3. 3.

    I like to compare my performance with others.

     
  4. 4.

    I learn best when collaborating with others.

     
  5. 5.

    Participation in class as well as the teaching of content in it is very important for me.

     
  6. 6.

    When in class, I prefer to learn through activities and discussion with my peers.

     
Despite the relatively small N, there are two intriguing indications of a relationship between the students’ (non-)preference of a learning style and the preference of the ICM (see Table 2).7 First, more than one third (16 students of N = 38) of the students prefer to learn through activities and discussions with peers when in class. 63 per cent of these students prefer the ICM to the classic lecture format, 31 per cent do not prefer the ICM. Second, students who like to compare their performance with others are less likely to express a preference for the ICM. More than one third of the students (17 students of N = 38) do not prefer to compare their performance with others, but a majority of these students (53 per cent) prefers the ICM over a traditional lecture. In contrast, 56 per cent of the students who prefer to compare their performance competitively do not prefer the ICM to the classic lecture format. Taken together, these results indicate that the ICM creates a learning space that is more favourably received by students who prefer collaborative learning, and that is less attractive to more competitive students.
Table 2

Learning Style and Preference for ICM (Row Percentages)

  

For future lectures I would prefer the Inverted Classroom rather than a traditional format…

 

(strong) Disagreement (%)

Neutral (%)

(strong) Agreement (%)

I like to compare my performance with others

(strong) Disagreement

29

18

53

100

Neutral

50

8

42

100

(strong) Agreement

56

11

33

100

When in class, I prefer to learn through activities and discussion with my peers

(strong) Disagreement

70

10

20

100

Neutral

25

33

42

100

(strong) Agreement

31

6

63

100

To analyse the determinants of ICM preference (as a dichotomous variable), we employed a multiple regression analysis. The independent variables were whether students have attended eight or more lecture-based classes (yes/no), average hours spent in preparation for each ICM class, students’ attitude towards a competitive learning environment (from 1, strong preference against, to 5, strong preference for), and their attitude towards peer collaboration (from 1, strong preference against, to 5, strong preference for). The regression analysis8 yields that the preference for a collaborative peer environment is the strongest predictor for preferring ICM over the traditional format (standardised beta = + .37, p = .02 of a two-tailed test). This supports our initial impression that the ICM is viewed more favourably by collaborative learners due to its emphasis on interaction and peer learning. The second strongest predictor is the average hours of preparation, with every additional hour increasing the estimated preference of ICM over a conventional format by 9 percentage points (standardised beta =+.28, p = .10). Third is the attitude towards a competitive learning environment (standardised beta = −.24, p = .12), meaning that students who prefer a competitive environment are more likely not to prefer ICM over the traditional format. The fourth predictor, experience with lectures, was not significant (beta = −.16, p = .32).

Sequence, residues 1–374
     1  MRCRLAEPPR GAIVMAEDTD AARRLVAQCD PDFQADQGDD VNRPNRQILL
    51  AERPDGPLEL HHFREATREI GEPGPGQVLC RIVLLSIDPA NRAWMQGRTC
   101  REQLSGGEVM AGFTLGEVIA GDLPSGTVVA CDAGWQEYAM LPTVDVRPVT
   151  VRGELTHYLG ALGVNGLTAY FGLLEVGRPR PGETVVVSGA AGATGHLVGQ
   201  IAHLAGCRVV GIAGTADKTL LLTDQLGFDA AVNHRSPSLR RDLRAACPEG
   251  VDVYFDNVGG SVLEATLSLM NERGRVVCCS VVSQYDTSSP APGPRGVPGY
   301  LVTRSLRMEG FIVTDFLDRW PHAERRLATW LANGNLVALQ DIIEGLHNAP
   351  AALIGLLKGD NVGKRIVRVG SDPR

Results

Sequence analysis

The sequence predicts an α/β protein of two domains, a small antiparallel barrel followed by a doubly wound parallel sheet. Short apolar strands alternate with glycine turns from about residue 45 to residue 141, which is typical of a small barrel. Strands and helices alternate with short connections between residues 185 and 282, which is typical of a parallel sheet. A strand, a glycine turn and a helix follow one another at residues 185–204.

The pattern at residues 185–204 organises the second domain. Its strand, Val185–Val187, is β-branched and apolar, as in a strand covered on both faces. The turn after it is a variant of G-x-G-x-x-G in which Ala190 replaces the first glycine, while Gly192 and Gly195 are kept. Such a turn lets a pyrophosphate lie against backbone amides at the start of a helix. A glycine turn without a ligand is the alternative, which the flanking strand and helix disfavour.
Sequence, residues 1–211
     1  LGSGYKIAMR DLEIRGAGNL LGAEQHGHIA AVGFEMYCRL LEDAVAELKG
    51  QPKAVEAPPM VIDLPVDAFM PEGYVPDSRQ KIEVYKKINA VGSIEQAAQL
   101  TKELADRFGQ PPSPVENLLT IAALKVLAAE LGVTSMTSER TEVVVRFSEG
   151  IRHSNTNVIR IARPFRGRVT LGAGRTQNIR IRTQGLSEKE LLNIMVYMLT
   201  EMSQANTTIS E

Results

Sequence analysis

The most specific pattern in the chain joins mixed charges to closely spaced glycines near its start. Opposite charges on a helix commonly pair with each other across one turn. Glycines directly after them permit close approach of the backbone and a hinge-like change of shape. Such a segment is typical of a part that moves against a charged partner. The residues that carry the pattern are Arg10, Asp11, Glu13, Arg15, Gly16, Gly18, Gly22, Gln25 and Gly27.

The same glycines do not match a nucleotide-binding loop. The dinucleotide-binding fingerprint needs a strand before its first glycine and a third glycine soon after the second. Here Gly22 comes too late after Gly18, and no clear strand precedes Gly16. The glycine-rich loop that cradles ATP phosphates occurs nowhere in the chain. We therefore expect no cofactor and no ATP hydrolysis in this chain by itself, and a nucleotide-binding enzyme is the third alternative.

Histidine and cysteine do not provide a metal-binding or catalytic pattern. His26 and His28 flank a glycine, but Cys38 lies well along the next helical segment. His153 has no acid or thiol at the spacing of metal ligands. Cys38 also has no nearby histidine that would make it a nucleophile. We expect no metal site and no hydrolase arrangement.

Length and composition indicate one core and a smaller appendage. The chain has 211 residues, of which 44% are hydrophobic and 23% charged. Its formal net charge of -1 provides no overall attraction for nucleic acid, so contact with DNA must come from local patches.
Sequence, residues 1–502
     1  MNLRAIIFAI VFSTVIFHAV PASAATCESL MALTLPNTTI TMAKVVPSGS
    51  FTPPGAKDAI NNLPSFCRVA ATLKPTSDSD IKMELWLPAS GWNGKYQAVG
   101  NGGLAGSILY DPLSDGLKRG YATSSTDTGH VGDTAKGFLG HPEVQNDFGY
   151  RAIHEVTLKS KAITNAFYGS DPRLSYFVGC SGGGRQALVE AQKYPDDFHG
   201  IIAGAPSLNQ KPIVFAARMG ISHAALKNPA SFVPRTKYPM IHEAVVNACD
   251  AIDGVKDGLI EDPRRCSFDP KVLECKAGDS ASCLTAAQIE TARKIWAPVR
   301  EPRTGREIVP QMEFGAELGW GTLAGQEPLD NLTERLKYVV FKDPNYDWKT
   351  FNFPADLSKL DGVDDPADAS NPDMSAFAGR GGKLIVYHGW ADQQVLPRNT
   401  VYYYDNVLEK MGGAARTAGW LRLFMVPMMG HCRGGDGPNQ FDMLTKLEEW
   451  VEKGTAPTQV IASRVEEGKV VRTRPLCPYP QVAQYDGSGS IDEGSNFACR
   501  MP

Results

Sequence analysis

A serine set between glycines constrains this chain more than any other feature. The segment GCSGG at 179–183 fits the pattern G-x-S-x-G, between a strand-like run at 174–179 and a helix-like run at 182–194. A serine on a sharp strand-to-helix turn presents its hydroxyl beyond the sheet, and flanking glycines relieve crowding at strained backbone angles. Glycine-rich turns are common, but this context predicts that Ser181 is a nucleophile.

These preliminary results show the potential explanatory power of ‘softer’ factors like attitudes and perceptions for student reactions to active learning, especially the ICM. Furthermore, the analysis has highlighted the need for further research to better understand different perceptions of and attitudes towards the ICM.

Conclusion

Our results indicate that students react to teaching innovations in different ways which are influenced by students’ learning styles. Further research in this direction seems warranted in future iterations of the course and in other settings. Another line of inquiry is how students adapt their learning strategies to an inverted classroom and how this impacts their learning and exam scores. Clearly, a longer-term perspective that compares different cohorts of students can provide depth to this investigation and put our findings on a sounder empirical footing.

Based on our experience, we believe that ICM can be an effective tool in political science teaching. However, it should not be reproduced rigidly but needs to be adapted carefully to its audience and the course’s learning objectives (Sams, 2012). When deciding on whether to use ICM, the essential factors to consider are its compatibility with the course content, forms of assessment and learning objectives, and the skills and teaching philosophy of the instructor.